Blocking the "neighbor smell" that comes in through the bathroom?

Luckily in my building they don’t allow smoking, but my neighbors love cooking their stinky ass Chinese food and it comes in through the bathroom.

Every time I come home it smells like whatever they happen to be cooking. Strangely enough they keep it rather consistent, but I’d much rather not be at the whim of their cooking.

I’ve cello-taped paper towels on the floor drain near the sink and the air vent in the ceiling, with the only drains left being the ones water flow through: the sink and the shower. I even tried covering the shower drain up with a removable (although not ideal since hard) plastic cover. It’s not enough. I’m not even sure it helps.

What can be done to stop this?

Is there a false ceiling?

Just burn a candle or a stick of incense.


How could I have been so NAÏVE

There’s even an entry panel, which after pushing up I feel cold air coming in.

What do I do for a non-permanent solution? I don’t think my landlord would appreciate me caulking up the whole thing. Would more tape and possibly paper towels (to “absorb”) work, or is there a special faux ceiling fix?

Block up the whole vent in the true ceiling. You can clear it out easily when you leave. Your local handyman should be able to do it for cheap with air conditioning duct type stuff. The only problem is if the false ceiling is totally in the way.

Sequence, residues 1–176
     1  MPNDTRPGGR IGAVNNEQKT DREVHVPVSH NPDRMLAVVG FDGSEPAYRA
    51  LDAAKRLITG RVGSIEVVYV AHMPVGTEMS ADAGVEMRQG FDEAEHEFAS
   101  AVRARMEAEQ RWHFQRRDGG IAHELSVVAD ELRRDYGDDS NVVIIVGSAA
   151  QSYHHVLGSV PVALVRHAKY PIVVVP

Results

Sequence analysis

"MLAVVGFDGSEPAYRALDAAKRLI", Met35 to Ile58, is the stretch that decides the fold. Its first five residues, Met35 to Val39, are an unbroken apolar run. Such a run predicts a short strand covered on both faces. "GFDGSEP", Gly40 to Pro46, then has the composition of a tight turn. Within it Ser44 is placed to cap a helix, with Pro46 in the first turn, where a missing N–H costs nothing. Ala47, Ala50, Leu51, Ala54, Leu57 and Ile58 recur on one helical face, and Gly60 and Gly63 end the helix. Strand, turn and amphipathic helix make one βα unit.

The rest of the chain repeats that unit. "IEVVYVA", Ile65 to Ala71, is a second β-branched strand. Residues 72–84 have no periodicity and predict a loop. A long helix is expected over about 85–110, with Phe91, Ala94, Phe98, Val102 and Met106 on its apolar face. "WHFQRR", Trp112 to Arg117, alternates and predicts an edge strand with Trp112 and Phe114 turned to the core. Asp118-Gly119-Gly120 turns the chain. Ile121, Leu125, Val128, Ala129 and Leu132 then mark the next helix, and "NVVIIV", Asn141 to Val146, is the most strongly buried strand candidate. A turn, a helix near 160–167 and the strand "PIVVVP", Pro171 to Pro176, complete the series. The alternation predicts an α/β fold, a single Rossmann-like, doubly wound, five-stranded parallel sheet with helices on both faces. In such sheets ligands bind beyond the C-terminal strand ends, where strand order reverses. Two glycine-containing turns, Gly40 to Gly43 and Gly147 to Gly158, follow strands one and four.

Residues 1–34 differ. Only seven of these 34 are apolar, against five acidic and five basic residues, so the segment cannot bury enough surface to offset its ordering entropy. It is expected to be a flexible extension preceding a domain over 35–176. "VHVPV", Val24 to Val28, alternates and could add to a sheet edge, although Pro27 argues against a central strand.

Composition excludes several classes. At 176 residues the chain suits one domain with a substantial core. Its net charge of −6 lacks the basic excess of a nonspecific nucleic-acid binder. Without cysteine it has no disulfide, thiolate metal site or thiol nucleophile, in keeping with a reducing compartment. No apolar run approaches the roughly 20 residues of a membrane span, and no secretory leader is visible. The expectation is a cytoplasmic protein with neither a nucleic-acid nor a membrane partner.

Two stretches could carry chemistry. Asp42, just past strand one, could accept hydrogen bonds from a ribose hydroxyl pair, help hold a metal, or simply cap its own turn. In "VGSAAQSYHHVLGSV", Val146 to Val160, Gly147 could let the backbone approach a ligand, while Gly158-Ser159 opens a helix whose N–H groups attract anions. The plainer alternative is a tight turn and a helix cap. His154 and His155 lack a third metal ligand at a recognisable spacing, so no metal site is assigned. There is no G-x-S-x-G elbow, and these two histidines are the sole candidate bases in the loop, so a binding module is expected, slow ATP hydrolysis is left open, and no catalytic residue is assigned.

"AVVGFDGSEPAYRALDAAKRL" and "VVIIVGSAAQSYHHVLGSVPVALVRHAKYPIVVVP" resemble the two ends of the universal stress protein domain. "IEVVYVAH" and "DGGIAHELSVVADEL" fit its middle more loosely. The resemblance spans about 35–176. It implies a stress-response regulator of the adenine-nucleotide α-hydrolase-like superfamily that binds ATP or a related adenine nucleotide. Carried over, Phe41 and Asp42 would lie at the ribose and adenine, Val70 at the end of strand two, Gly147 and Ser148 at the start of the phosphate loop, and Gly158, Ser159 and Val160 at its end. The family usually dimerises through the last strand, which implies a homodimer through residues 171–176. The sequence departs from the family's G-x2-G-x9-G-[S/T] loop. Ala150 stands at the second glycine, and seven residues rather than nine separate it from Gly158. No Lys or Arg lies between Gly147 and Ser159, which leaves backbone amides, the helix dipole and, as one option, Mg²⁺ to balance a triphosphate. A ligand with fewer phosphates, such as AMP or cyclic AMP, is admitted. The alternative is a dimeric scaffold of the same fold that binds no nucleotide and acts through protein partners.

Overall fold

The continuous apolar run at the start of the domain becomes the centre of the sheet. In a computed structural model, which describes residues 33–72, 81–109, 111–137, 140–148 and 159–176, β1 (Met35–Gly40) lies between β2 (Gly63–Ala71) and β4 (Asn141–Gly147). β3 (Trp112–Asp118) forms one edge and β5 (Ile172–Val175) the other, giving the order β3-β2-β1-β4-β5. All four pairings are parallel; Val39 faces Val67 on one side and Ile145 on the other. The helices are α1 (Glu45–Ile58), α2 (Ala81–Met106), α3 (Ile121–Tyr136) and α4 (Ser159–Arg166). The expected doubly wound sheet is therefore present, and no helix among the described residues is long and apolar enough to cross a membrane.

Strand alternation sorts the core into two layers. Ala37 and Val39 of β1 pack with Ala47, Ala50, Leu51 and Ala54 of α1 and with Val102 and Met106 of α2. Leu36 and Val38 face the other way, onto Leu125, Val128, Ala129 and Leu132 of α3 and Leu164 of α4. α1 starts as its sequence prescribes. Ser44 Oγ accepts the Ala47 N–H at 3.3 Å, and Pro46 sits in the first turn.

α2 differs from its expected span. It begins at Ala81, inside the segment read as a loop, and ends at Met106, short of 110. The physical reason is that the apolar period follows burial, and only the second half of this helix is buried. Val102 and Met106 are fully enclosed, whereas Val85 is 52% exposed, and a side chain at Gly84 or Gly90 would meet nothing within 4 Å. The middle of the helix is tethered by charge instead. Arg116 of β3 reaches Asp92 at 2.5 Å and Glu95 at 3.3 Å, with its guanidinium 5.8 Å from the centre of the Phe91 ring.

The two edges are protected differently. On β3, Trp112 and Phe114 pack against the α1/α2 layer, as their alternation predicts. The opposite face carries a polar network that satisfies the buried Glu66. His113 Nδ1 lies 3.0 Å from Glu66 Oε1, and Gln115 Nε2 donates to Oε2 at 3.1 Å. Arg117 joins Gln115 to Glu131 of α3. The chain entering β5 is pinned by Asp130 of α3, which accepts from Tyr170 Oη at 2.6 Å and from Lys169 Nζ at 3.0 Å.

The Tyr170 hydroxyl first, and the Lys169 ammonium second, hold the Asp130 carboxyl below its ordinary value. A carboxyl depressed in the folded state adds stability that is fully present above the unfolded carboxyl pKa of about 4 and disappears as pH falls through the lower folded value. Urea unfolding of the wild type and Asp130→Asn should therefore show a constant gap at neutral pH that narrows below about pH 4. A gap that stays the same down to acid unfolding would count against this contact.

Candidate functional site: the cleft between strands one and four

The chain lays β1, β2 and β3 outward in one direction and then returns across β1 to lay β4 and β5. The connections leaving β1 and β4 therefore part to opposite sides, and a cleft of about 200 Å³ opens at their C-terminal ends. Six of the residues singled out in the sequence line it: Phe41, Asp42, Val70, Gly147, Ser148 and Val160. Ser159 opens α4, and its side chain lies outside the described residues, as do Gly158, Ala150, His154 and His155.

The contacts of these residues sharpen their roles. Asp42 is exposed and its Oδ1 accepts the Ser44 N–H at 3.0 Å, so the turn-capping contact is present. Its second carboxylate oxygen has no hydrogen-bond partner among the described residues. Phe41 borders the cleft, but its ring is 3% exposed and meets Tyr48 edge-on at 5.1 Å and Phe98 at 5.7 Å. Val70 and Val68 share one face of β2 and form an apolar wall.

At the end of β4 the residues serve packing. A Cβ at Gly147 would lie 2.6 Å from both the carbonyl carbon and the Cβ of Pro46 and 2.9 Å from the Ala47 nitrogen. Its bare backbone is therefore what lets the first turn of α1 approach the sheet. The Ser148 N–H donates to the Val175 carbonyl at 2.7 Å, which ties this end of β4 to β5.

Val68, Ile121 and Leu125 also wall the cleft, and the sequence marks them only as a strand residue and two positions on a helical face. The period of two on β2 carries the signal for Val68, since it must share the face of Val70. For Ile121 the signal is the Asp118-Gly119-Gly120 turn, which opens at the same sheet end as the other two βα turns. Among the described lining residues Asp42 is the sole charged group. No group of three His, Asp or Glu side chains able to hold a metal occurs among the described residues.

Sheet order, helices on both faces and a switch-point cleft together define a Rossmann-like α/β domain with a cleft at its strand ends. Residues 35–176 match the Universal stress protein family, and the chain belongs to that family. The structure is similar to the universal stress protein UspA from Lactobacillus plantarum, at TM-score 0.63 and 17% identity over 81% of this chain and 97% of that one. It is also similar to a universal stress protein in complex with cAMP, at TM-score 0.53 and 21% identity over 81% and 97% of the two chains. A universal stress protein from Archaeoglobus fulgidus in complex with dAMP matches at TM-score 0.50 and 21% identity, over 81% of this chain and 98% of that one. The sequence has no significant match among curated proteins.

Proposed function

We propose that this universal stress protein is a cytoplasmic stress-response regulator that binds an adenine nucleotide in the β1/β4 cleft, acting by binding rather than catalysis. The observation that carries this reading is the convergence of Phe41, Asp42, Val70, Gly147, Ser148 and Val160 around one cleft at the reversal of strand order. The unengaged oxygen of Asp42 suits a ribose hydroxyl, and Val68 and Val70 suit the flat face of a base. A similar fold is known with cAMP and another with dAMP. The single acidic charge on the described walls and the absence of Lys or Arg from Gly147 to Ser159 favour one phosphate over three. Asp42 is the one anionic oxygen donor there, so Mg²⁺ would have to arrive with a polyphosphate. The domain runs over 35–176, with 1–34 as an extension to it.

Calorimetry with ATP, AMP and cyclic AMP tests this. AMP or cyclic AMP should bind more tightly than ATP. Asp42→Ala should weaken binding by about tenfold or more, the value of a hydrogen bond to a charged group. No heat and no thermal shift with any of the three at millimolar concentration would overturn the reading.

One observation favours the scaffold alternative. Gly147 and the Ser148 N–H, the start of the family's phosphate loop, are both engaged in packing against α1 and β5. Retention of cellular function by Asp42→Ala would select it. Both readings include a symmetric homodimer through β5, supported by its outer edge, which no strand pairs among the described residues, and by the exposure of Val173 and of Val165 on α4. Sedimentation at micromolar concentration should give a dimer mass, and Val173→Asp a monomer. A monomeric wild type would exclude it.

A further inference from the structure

If you block up the vent then you may find your bathroom can’t get shed of moisture. The cold air you feel coming in also brings in drier air (usually).

If you block it you also might look into getting a dehumidifier for the space.

You could try leaving the bathroom extractor fan on all the time (assuming it’s in the false ceiling) to encourage air to flow out rather than in. A more expensive option is to get a one way vent to cover the actual vent hole however suggest sealing it up first for a couple of days to check if that is actually where the smell is coming in.

If you have false ceilings and central air it’s likely there are multiple vents to a common building vent. If it’s a newer building your neighbours are either not using an extractor fan when cooking or it’s incorrectly plumbed.

@tempogain that seems like the solution, could you clarify what they’re supposed to do? I don’t speak Chinese so I can’t just point and grunt my way into getting somebody over here.

If I understand it right, they would just use thick tape to seal the hole in the ceiling that connects to the shiny hose, then seal the end of the hose too? Maybe multiple ones like @SuperS54 said (by the way I tried keeping mY own fan on and it has no effect)

@bojack if I do the above, wouldn’t keeping the bathroom door open be enough to disperse the moisture? That’s how we used to do it in the “old country”. My bathroom doesn’t have its own window.

@bojack makes a good point, I’ve only had it done in a “dry” bathroom that wasn’t used for showering. Not sure if this may prove to be annoying otherwise. This was in a 12-story building with central ventilation shafts.